It’s always a sad event when something from one’s childhood dies. Every kid is forced to face reality at some point, no matter how strongly they believe in something. Whether it’s realizing Santa and the Easter Bunny aren’t real, facing up to the fact that eating paste isn’t good for you or uncovering the truth behind professional wrestling, dreams are made to be smashed.
When my older brother first bought a Nintendo, I was convinced it was the coolest thing I’d ever seen. Anything that involves a fat Italian plumber jumping on things is bound to be amusing, but there were literally thousands of other games to choose from for Nintendo’s baby. By forking over a little bit of cash, people could fight Mike Tyson, slay an evil pig-man who kidnapped a princess and even hunt ducks. Nintendo made ridiculous amounts of money with the system, and everything was looking up for them.
As years passed, they were arguably at the forefront of every evolution in game consoles. They dropped the ball a few times (“Virtual Boy,” the Nintendo glove), but always recovered from any mistakes they made. Yes, things were good for Nintendo. The key word is “were.”
It hurts to admit it, but Nintendo is going down the tubes slowly and surely. The fall of this giant began with the Nintendo 64, when higher-ups thought it would be a wise choice to market their system to a younger core audience. Aside from a handful of gems produced by Nintendo itself, the system’s library was comprised of mostly lackluster kids’ games.
People who bought the system went into a sort of denial of its rather pitiful software lineup. Diverting the attention from the pile of crap to a few great games worked for a while, but as time passed, even the biggest Nintendo fan boys were left wondering what had happened to their old friend.
While the GameCube has enjoyed moderate success, Nintendo continues to ignore its unrelenting decline. The GameCube is host to a few amazing games which, sticking with tradition, are almost all produced by Nintendo. Their third-party support is pathetic, with their only big hits coming from the same few developers.
Developers have noticed the ship is sinking and are afraid to put their resources into games for Nintendo’s systems. While Sony and Microsoft realize success in this market is contingent on pulling in an older audience, Nintendo is too stubborn to admit they were wrong. Granted, they have put out a few more mature games in more recent times, but the bulk of their software continues to keep a kid-friendly feel.
Even developers who seemed determined to help revive the struggling company are realizing the hopelessness of the situation. Nintendo’s favorite lapdog, Capcom, has taken franchises that were originally “GameCube exclusives” and ported them over to the Playstation 2. “Viewtiful Joe” and “Resident Evil 4” are signs of the company’s loss of confidence in Nintendo. If Capcom were to stop producing games for the GameCube, things would be catastrophic. ‘Cube owners would be subjected to a constant barrage of horrid games, with a few periodic first-party releases to keep them drinking the Kool-Aid.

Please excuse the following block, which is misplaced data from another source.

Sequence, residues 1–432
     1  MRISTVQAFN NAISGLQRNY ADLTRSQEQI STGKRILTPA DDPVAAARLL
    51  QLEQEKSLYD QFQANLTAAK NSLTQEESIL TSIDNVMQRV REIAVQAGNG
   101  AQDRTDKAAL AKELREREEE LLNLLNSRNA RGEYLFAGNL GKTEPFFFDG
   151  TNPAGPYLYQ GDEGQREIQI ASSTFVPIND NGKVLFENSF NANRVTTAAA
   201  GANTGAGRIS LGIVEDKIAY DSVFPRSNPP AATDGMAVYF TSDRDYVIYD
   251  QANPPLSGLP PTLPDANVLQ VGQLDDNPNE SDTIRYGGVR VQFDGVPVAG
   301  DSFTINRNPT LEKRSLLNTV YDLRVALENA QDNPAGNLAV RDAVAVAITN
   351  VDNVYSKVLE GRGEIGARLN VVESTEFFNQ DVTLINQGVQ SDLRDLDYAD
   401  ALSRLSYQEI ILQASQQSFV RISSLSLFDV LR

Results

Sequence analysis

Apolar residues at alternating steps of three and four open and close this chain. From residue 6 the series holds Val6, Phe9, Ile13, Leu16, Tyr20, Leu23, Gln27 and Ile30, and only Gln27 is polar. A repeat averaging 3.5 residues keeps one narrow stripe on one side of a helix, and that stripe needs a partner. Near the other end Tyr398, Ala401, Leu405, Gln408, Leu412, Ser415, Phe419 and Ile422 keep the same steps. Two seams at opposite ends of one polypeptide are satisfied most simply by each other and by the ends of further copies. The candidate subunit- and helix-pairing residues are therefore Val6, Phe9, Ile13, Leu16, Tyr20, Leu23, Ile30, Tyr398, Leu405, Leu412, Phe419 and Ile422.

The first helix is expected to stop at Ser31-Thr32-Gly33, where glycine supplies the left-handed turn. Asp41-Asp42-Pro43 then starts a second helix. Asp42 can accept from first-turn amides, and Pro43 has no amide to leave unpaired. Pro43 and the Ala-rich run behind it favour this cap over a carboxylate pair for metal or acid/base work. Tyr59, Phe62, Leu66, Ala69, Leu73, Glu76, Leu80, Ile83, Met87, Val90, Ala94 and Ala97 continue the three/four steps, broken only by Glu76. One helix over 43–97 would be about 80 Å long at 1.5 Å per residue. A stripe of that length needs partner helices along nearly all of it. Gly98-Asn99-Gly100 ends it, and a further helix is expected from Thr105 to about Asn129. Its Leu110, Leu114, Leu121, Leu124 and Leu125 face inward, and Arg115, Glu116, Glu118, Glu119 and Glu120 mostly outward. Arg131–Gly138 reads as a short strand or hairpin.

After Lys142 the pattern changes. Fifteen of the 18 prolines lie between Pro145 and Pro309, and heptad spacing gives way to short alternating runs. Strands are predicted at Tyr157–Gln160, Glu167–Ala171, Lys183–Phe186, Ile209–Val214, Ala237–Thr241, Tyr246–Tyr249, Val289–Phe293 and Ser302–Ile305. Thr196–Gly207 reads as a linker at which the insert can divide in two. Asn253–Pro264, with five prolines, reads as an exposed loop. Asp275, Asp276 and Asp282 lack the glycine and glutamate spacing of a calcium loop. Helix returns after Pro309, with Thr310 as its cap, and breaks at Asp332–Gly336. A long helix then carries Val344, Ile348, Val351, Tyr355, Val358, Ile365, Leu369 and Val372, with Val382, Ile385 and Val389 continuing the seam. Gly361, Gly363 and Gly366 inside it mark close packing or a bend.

The sad thing about their current situation is that anytime they have a decent-selling game, Nintendo begins to whore it out in every way possible. This philosophy of beating a horse until people stop caring it’s dead is the basis of many of the company’s recent releases. Surely someone has noticed the sudden appearances of “Mario Tennis” and “Mario Baseball” after the mild success of “Mario Golf.” I, for one, wouldn’t be surprised to see “Mario Hockey” and “Mario Soccer” in the next few years.
Taking a game genre and slapping a mascot’s face on it does not qualify as being creative. The games may sell well, but sooner or later the novelty of seeing the same character in every single situation possible wears off.
Until something changes, Nintendo fans can continue to remind themselves that nobody else has Zelda or Metroid. It’s not exactly easy, however, for a company to do well with only a couple of big franchises — look at how Sega was doing a couple years back. Oh, yeah, they almost went bankrupt. Interesting.
The only thing left for Nintendo to do is acknowledge they were wrong about something once and for all. If they continue to alienate older gamers, developers won’t have the confidence in the company to develop for their platforms. Once Nintendo is able to show they have captured a broader audience, third-party support will begin to come back and the now-humbled company can reclaim its former glory.